which were discovered during the restoration process, and the museum had to choose which one to display on the completed aircraft. German paints are always such a charm to study because of their practice of using up old paints before using the newer ones, but then who really knows if that was bog-standard for all manufacturers? Some factories may have had better paint supplies since these were regional (northern and southern paint manufacturers tended to ship to the nearest factories). My guess is that they found RLM 70 on the airframe and chose that color scheme.
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Joined: May 19th, 2013, 1:56 pm

70/75/76

November 14th, 2017, 2:50 am #6

Was the final scheme on the plane and the one they restored it in. I believe it was initially built as an A-4, probably in a Mediterranean 79/76 scheme. Then rebuilt to F-8 standards in early '44.

I have to say, this was one well travelled and long lived airframe! It was done to F-8 standards in early '44 and then used in '44/'45 on the Eastern front. I am surprised it lasted that long and also that it was picked for evaluation, since it was such an old airframe. It seems to have lasted for at least two years when most such aircraft were lucky to last two months. Probably largely due to the German habit of rebuilding old aircraft.

Chris

PS: What was the third incarnation of this one?
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Joined: May 19th, 2013, 2:09 pm

A couple of observations.

November 14th, 2017, 12:59 pm #7

The NASM has restored other aircraft to a scheme that was not on the original. The most notable is the Ar 234.

Only two Fw 190s were in 79 as a topside color, and both were field painted.


The link below is to the NASM F-8 in what appears to be 74/75/76 (the green does not appear black enough to be 70). It is quite possible that as a ground attack aircraft it received a dark green (83?) application. This appears to be common on the late Fs. I cannot find anything about use of 70, but I don't have the book that the OP referred to.

https://airandspace.si.edu/collection-o ... -190-f-8r1

https://airandspace.si.edu/sites/defaul ... 00CP06.jpg
Last edited by samodeldad on November 14th, 2017, 1:46 pm, edited 1 time in total.
Steven “Modeldad” Eisenman

I really don't care, do U?

Zu Asche zu Staub
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Joined: May 19th, 2013, 2:09 pm

My understanding of the continued use of 70/71 was on the

November 14th, 2017, 1:01 pm #8

which were discovered during the restoration process, and the museum had to choose which one to display on the completed aircraft. German paints are always such a charm to study because of their practice of using up old paints before using the newer ones, but then who really knows if that was bog-standard for all manufacturers? Some factories may have had better paint supplies since these were regional (northern and southern paint manufacturers tended to ship to the nearest factories). My guess is that they found RLM 70 on the airframe and chose that color scheme.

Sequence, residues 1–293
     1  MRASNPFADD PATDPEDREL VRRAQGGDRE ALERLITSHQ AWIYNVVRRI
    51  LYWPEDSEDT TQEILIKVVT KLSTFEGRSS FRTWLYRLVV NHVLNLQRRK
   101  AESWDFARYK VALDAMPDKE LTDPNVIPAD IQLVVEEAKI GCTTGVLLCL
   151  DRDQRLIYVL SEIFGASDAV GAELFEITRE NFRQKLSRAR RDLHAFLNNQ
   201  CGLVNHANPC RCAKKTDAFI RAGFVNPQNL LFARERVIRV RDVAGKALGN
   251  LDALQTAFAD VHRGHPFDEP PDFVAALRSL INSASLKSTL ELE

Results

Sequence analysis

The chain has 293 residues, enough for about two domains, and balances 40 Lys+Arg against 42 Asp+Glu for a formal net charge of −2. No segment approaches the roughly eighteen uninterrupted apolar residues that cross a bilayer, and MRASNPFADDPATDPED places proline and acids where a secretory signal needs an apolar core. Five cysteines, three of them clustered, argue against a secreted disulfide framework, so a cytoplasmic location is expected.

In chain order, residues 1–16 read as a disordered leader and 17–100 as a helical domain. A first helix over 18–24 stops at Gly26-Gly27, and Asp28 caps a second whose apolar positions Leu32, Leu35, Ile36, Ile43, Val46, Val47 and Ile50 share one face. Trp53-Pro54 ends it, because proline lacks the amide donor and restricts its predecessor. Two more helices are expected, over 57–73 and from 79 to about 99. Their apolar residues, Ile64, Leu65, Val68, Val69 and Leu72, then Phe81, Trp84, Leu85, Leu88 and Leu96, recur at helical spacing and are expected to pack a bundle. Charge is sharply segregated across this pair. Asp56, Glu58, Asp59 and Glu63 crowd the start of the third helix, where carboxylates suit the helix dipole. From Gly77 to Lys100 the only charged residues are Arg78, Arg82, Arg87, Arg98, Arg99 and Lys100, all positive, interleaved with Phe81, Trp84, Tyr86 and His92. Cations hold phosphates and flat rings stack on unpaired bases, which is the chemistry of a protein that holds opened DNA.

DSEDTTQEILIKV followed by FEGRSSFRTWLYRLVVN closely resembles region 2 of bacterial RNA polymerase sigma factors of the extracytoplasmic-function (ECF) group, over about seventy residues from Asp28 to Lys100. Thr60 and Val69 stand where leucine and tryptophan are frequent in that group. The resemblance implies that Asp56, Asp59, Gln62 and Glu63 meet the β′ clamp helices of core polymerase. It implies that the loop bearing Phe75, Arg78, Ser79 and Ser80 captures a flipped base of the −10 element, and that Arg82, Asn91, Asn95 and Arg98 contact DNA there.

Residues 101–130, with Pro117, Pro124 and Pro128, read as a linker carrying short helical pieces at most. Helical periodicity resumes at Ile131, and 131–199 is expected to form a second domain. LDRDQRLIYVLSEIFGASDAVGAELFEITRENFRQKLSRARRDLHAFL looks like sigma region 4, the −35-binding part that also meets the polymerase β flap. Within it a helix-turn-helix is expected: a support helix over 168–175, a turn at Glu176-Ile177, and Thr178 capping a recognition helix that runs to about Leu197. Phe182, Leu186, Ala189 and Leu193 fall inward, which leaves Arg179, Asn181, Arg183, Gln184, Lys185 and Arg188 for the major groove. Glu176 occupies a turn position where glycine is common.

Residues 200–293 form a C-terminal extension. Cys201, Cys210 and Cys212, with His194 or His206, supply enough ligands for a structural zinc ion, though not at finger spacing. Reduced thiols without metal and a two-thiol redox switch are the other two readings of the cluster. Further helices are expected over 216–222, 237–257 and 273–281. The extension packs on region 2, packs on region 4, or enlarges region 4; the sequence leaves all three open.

81/82 scheme. Where old stocks of 70 could be used instead of 81 and 71 in place of 82.
Steven “Modeldad” Eisenman

I really don't care, do U?

Zu Asche zu Staub
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Joined: May 19th, 2013, 2:09 pm

Just realize you may be comparing two unrelated aircraft

November 14th, 2017, 1:26 pm #9

I recently picked up the 1/32 Revell Fw-190F and Eagle Editions Sheet #91 for a future build. Everything seems to be in place except for some confusion over the camouflage.

Eagle Editions calls for an 83/75/76 camouflage for Chevron Triangle Green 1 of III/SG 10. Yet reading the Smithsonian title regarding the restoration of their Fw-190F the author stated it used 70/75 upper surfaces and presumably RLM76 elsewhere.

My question is was RLM70 ever applied to Fw-190Fs?
I don't know the origins of the aircraft you're doing, it could be a factory F-8 or a remanufactured F-8. The aircraft at the NASM is said to be a remanufactured aircraft, so the paint used/available at the remanufacture facility could be different from what was used/available for the F-8 you are doing.

Also note that the EagleCal instruction say "Possibly 83". Which means at best Jerry believes it to have a dark green color.

BTW, the green on the NASM F-8 does not appear black-green.

Last edited by samodeldad on November 14th, 2017, 1:27 pm, edited 1 time in total.
Steven “Modeldad” Eisenman

I really don't care, do U?

Zu Asche zu Staub
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Joined: March 2nd, 2005, 5:54 pm

There were often exceptions...

November 14th, 2017, 1:37 pm #10

I recently picked up the 1/32 Revell Fw-190F and Eagle Editions Sheet #91 for a future build. Everything seems to be in place except for some confusion over the camouflage.

Eagle Editions calls for an 83/75/76 camouflage for Chevron Triangle Green 1 of III/SG 10. Yet reading the Smithsonian title regarding the restoration of their Fw-190F the author stated it used 70/75 upper surfaces and presumably RLM76 elsewhere.

My question is was RLM70 ever applied to Fw-190Fs?
...An early issue of FSM (1982, IIRC, need to dig it from the stacks), documented the in-service schemes the Smithsonian 190F (which started life as an A7) carried. It made a convincing argument for 70/75/76 as the last scheme it carried in Hungary.